Block 3 - Unit 2: Choosing interaction devices Flashcards Preview

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Interaction devices. (3 comments)

One assumption easily made is the kind of interaction devices used - focus often on keyboard / mouse.

Should consider particular requirements, and how best met by various devices.

We want to achieve something - choice of device is crucial to how well we can achieve these goals.


3 categories of input devices.

1. Keyboards, keypads and buttons.

2. Pointin devices.

3. Tags and sensors.


Discrete input devices.

Used to enter discrete data, such as letters, numbers or commands.

Not suited to continuous tasks like dragging icons.


Variations on standard keyboard. (4)

Big keys - context allows redundant keys to be excluded.

Chord keyboard - limited space or keeping other hand free.

Keypad - may be more appropriate if full range of alphanumeric keys not needed (eg. calculators, phones).

Individual buttons - even simpler (eg. heating controls, burglar alarm).


Factors in choosing discrete input device. (3)

Shape - split to help reduce RSI.

Key size - portability, impairment.

Robust - some environments can get dirty / liquid. Membrane keyboards are sealed, but lack feedback.


Continuous input devices.

Good at tasks that can't easily be split into discrete steps, eg. drawing sketches.

Works well in combination with a keyboard (discrete).


Types of pointing device. (2)

Indirect pointing devices - user moves cursor with secondary device.

Direct pointing devices - can be pointed directly at the screen.


Types of indirect pointing devices. (4)


- Displacement joystick - lever moves in 2D
- Isometric joystick - lever is rigid, and pressure on it is translated into movement.

Trackball - 'inverted mouse' - some people with limited movement find it easier.

Graphics tablet - cursor moves as user moves finger / stylus. Eg. for drawing - more conventional.


Types of direct pointing device. (2)


Pen system - touch-screen set up for using as stylus - can have smaller targets. Eg. signing for delivery, portable game computer.


Factors in choosing the right pointing device. (6)

How easy to learn does in need to be?

How accurate does the device need to be?

How much time users spend using product?

How much space?

How robust?

How dexterous is the user?


Tags and sensors.

Allow info from the physical world to be captured for use in an interactive product.



Used to attach static info to physical objects.

May be active or passive.

RFID tags - eg. track goods; reader doesn't need to be in close proximity.



Can monitor environment and transmit changing data.
Light, heat, movement, etc.

Pressure and movement good for games.
WiiMote - pointer and motion sensor.


Factors when choosing a sensor. (4)

- Characteristics of phenomenon being sensed:
Threshold, range and sampling rate.

- Characteristics of environment being sensed:
Sensor fixed or moving? Waterproof? Robust?

- Appropriate physical characteristics:
Own power source? How big?

- Level of functional complexity required:
Can simply report a single piece of data, or more sophisticated functions.
Can also operate alone or as part of a wider collaborative network.


Alternative approaches to input. (3)

Eye tracking:
Can move cursor, and press by blinking or staring at a button.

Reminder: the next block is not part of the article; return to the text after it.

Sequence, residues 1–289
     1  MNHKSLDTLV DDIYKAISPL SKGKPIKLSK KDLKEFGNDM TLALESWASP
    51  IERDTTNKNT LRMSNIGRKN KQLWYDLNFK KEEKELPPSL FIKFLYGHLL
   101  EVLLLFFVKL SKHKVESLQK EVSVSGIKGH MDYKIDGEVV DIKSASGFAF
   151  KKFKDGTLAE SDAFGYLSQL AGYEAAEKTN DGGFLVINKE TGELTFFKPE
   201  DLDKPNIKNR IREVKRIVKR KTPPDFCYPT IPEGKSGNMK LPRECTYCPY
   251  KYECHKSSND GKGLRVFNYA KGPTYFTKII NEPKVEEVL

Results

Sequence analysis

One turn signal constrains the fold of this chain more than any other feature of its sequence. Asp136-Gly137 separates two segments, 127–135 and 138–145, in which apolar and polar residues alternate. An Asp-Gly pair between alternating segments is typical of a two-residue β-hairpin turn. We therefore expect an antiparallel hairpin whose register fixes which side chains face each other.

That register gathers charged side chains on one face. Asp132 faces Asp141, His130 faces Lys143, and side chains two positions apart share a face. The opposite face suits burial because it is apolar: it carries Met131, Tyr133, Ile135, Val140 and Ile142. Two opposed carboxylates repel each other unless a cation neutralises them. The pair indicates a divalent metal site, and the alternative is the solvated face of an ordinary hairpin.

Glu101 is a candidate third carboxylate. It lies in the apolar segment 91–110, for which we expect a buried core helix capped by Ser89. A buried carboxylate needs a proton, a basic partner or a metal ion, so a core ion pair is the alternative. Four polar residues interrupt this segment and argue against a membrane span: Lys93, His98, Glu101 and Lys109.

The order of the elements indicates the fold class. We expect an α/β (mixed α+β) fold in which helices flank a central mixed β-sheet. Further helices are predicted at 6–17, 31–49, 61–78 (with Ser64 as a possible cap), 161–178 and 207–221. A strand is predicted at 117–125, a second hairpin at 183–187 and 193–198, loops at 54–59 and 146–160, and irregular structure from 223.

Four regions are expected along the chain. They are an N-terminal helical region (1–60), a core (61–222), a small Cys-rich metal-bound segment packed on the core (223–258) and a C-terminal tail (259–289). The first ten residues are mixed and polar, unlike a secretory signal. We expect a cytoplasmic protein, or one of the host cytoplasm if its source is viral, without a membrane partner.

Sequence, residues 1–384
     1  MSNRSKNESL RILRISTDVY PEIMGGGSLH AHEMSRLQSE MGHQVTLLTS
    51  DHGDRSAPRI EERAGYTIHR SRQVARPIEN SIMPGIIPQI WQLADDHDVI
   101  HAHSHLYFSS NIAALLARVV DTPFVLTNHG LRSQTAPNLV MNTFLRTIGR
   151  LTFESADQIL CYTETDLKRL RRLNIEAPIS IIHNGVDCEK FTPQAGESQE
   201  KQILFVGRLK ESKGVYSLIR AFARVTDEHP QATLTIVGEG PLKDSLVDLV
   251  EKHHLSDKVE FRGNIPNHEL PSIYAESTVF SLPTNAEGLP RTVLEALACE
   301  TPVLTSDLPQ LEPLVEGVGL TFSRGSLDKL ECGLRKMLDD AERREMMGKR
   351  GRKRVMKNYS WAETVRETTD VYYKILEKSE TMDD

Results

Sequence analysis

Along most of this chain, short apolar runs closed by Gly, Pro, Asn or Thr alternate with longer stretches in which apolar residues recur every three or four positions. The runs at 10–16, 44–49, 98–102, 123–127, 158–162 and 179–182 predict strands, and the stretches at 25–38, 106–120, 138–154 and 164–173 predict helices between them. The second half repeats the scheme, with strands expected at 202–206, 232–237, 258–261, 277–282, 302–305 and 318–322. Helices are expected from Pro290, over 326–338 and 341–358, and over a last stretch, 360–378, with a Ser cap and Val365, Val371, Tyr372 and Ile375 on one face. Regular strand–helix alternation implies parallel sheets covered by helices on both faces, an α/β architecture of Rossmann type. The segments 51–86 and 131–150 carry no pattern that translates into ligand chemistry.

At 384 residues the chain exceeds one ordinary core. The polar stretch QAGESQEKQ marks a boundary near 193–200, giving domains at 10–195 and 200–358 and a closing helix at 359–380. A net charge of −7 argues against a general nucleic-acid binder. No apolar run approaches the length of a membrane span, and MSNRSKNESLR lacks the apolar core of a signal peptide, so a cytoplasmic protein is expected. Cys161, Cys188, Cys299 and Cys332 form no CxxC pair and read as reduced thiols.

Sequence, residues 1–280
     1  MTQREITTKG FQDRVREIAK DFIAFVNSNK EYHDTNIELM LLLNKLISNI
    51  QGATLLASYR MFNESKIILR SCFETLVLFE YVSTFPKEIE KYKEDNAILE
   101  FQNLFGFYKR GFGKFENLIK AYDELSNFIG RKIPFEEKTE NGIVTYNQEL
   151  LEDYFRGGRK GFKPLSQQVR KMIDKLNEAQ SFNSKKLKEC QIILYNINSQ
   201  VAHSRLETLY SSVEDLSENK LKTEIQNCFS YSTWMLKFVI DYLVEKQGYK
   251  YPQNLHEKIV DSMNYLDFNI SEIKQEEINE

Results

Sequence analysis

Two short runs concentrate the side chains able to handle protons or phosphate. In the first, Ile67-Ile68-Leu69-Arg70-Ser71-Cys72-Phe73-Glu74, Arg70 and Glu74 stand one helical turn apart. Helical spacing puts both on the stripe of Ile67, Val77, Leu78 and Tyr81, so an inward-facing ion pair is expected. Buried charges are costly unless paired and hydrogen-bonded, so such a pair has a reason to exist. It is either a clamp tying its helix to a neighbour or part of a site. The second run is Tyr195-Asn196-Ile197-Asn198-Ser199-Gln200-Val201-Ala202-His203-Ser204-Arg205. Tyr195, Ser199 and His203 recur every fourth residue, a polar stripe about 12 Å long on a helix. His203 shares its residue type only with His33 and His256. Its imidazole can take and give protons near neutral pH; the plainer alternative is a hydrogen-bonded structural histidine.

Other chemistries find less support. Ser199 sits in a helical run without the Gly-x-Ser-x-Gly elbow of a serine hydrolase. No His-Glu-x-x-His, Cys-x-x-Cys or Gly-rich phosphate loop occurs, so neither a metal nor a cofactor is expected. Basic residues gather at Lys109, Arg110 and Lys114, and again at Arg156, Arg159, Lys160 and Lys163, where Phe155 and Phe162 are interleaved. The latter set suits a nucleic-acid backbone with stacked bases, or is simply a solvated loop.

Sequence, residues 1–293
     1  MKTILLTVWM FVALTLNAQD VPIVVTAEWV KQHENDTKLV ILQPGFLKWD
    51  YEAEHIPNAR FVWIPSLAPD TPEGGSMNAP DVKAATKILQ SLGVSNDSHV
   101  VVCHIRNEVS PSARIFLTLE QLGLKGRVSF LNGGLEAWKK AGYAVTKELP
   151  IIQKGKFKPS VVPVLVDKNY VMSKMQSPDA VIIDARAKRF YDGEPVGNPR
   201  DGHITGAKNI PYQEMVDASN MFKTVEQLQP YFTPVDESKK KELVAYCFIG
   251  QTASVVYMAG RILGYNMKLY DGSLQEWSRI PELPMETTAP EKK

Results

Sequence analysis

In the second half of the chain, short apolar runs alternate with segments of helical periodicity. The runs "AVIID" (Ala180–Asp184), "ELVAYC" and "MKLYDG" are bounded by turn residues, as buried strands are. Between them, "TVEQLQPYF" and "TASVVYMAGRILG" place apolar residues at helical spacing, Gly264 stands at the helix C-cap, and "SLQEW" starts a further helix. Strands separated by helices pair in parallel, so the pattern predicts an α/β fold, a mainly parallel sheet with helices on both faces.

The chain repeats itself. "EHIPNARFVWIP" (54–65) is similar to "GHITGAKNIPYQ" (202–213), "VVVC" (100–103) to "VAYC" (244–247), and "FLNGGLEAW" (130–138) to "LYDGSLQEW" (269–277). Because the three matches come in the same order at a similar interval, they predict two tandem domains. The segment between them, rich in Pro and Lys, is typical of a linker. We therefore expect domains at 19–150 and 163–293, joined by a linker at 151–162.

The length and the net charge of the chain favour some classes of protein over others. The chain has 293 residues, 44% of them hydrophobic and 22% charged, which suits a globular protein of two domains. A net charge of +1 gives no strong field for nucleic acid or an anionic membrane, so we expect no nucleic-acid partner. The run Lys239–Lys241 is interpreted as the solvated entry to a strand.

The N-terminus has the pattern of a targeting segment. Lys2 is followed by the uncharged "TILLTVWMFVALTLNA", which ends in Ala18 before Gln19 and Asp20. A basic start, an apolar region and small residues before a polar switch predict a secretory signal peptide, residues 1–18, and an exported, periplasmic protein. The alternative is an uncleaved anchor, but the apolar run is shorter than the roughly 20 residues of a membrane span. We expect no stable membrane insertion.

Iris and fingerprint recognition:
Where security is important, eg. ATM, secure buildings.

Handwriting recognition:
Increased with popularity of handheld computers.
System needs to learn each individual's writing.
Most require letter to be formed individually, and some requirme specific strokes - makes it slow.


3 categories of output devices.



Simple output devices (lights, dials, buzzers).



Can represent a wide variety of visual elements.

Even those with visual impairments like to use them if possible, eg. magnifiers / zoom software.

LCDs - small, thin and light; low power.


Choosing the right screen. (5 factors)

How detailed image?:
Resolution - amount of detail represented in number of pixels.
Manipulating pictures - high; text - low ok.

Number of colours?

How large?:
Low prices - users tend to user larger screens; more info displayed and larger text; eg. graphic designers.

Size, weight and power requirements

Important in crowded offices - flat screens.


Loudspeakers and headphones.

Most interactive devices have sound - speech, music sound effects.
Many have microphones ('matching' input device).

How will they be used?
Composer - high quality.
Sound effects only - can be lower quality.

If possible, should be tried in environment.


Simple output devices.

Most common - lights, dials and buzzers; cheap and very useful.
Vibration also used.


Examples of simple output devices. (4)

On/off, charging, network reception.

7-segment displays - numbers and letters.

Dials / guages / indicate levels, eg. speedo, battery level.

Sound - eg. buzzer - attracts attention, eg. next stage on a breadmaker.

Common to combine these - eg. microwave - multiple outputs to indicate when finished.


What to consider when selecting simple output devices.

Is data represented more effectively in analogue or digital.
Discrete data - data that has a finite number of states, steps or increments. Eg. single light, numbers or letters - can be represented by binary digits.

Analogue data - can be represented by a dial or gauge, eg. pressure, temperature.

Persistence of output should be considered, eg. printer output longer lasting than a screens.


Alternative approaches to output. (2)

Head-up displays - key info is projected in line of sight, apparently just in front of the windscreen.
(Form of augmented reality).

Stereoscopic displays - creates 3D effect by using 2 screens, one in front of each eye.